A fine picture of originality and pleasing eccentricity was exhibited by JAMES
SMITH, one of the signers of the Declaration of Independence. He was a native of Ireland and came to this country with his father when quite young. The precise time of his birth is not known. According to the only record known of his age-the inscription on his tomb, he was born in 1713. His father was a respectable farmer and settled on the west side of the Susquehanna river nearly opposite to Columbia. James was educated under Dr. Allison. He acquired a good classical education, and retained a peculiar taste for authors of antiquity through life. He was very partial to mathematics, and became an expert surveyor. After finishing his course under Dr. Allison he commenced the study of law in Lancaster, Pennsylvania, some say with Thomas Cookson, but more probably with his elder brother who was then practising at that town. When admitted to the bar he located himself on the frontiers of civilization near the present site of Shippensburg, in Cumberland county, blending the practice of law and surveying. In that section of the country the two professions were then very properly and profitably united. Large tracts of valuable land were held under hasty and inaccurate surveys, and many others were only located by mere chamber calculations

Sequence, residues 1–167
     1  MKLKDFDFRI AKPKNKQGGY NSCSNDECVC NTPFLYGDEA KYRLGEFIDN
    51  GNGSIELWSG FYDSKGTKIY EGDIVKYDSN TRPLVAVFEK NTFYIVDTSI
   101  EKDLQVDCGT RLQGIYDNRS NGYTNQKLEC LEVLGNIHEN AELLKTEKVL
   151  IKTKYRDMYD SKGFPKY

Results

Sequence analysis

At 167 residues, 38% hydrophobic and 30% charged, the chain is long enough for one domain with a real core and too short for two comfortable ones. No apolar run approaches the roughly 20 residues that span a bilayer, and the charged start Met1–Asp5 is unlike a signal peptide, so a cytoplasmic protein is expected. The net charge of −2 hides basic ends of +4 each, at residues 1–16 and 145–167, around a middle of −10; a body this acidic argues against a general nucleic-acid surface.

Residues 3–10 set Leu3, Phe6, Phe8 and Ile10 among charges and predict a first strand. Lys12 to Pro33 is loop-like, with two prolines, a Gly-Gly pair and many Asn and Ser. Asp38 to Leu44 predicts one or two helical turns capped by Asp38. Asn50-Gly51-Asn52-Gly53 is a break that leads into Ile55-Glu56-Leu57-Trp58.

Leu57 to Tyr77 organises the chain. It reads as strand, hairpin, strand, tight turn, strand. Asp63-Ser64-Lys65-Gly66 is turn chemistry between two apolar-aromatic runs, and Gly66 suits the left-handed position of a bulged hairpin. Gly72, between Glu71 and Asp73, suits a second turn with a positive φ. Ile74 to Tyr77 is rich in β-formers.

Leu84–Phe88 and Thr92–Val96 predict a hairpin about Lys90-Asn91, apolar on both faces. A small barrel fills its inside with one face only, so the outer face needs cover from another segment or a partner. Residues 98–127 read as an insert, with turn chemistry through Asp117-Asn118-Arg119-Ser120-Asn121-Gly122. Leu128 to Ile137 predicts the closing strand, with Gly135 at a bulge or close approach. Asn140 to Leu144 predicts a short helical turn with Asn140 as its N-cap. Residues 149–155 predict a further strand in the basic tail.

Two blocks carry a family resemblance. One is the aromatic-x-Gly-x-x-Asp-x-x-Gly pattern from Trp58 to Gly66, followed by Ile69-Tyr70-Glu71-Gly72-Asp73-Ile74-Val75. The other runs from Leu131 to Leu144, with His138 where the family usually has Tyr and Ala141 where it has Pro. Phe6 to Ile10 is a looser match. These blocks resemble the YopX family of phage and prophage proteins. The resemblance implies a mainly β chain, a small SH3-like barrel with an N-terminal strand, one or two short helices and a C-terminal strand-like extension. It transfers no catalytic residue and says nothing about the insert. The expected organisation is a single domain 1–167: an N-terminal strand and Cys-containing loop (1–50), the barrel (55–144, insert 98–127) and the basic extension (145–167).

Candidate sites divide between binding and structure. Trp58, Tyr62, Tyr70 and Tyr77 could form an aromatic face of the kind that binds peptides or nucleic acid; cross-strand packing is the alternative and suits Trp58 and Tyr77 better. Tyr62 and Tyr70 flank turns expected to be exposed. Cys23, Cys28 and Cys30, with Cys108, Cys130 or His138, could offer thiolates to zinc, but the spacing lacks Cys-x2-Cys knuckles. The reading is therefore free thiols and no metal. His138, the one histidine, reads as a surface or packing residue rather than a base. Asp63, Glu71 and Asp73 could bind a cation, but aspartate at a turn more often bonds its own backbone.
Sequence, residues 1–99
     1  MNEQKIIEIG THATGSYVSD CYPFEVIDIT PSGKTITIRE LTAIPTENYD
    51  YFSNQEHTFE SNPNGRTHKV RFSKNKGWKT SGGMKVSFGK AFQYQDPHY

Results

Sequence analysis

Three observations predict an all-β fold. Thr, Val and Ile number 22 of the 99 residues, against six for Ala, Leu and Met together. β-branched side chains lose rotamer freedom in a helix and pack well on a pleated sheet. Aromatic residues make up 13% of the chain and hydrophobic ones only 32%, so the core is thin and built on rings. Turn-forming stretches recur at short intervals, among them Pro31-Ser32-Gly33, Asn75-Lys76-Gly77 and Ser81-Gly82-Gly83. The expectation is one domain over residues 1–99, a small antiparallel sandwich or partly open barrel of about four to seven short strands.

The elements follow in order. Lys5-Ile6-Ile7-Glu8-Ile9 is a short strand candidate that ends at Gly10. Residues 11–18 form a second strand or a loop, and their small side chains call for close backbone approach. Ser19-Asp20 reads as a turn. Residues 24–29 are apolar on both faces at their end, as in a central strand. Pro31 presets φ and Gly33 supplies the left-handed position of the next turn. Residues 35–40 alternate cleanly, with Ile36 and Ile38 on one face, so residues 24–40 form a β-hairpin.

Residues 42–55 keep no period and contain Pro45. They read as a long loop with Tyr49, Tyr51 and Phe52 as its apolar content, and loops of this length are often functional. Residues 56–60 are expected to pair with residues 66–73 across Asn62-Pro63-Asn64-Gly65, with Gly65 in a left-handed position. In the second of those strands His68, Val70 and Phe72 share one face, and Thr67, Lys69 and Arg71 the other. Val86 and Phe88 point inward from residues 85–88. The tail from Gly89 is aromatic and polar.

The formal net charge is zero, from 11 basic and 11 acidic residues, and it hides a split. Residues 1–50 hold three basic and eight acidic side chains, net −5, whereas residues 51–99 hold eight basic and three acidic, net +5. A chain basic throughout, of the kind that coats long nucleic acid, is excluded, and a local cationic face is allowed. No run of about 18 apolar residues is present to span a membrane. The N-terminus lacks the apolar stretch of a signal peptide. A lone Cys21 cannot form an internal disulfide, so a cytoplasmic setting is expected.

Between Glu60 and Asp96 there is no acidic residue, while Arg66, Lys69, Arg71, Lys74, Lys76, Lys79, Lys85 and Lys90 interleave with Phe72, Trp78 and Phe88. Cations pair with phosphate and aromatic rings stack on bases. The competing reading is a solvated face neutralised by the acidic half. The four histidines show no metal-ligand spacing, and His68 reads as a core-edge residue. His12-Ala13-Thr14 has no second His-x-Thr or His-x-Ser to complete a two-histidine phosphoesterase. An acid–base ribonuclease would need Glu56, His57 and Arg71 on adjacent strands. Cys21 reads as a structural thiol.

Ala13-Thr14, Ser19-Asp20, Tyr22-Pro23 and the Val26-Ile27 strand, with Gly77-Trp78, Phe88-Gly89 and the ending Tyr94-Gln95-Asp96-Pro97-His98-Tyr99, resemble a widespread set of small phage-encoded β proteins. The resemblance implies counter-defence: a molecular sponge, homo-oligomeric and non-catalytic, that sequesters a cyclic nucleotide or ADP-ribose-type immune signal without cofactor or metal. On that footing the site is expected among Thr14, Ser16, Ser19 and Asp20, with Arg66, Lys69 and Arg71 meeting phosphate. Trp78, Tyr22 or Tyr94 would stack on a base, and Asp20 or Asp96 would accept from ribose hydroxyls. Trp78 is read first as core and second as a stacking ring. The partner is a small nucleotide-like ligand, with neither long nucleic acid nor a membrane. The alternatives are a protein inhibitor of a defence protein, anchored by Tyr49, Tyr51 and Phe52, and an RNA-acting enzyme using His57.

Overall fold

upon paper. Litigation was the natural consequence, and no witnesses told the truth more accurately than the compass of Mr. Smith and the demonstration of his protractor. Possessed of a penetrating mind, he looked into future prospects and secured much valuable land and had full employment in his professional business. He soon found himself on the flood tide of prosperity. Not willing to sail alone, he took for his mate, Miss Eleanor Armor, of Newcastle, who superintended his cabin stores with great skill and prudence. In every thing he was purely original. With a strong mind, an open and honest heart, a benevolent and manly disposition, he united great conviviality and amusing drollery, yet so discreet as not to offend the most modest ear. He delighted in seeing the contortions of the risible muscles, which were uniformly in motion in all proper circles when James Smith was present. Whenever he came in contact with a pedant he would propound some ridiculous question with the utmost gravity, such as the following, "Don't you remember that terrible bloody battle which Alexander the Great fought with the Russians near the straits of Babelmandel? I think you will find the account in Thucydides or Herodotus."
His memory was retentive and stored with numerous anecdotes, which he used in court either to annoy his opponent and help his case, or in company to amuse his friends. No one could tell a story with more effect than Mr. Smith. His manner was original and beyond imitation. With all his wit and humour, he held religion in the greatest reverence, and was a communicant of the church. No one that knew him dare utter a word against it in his presence, knowing that the lash of the keenest ridicule would at once be applied by him. Such a mixture of qualities are rarely blended in one man. From the deep toned logic and the profoundest thought up to the eccentric ridiculous, all balanced by the happy equilibrium of discretion, his mind ranged with the rapidity of lightning, using each at the most appropriate time and place. His manner, his style, and his every thing, from the most trivial circumstance to the momentous concerns of the nation in which he participated, were purely original.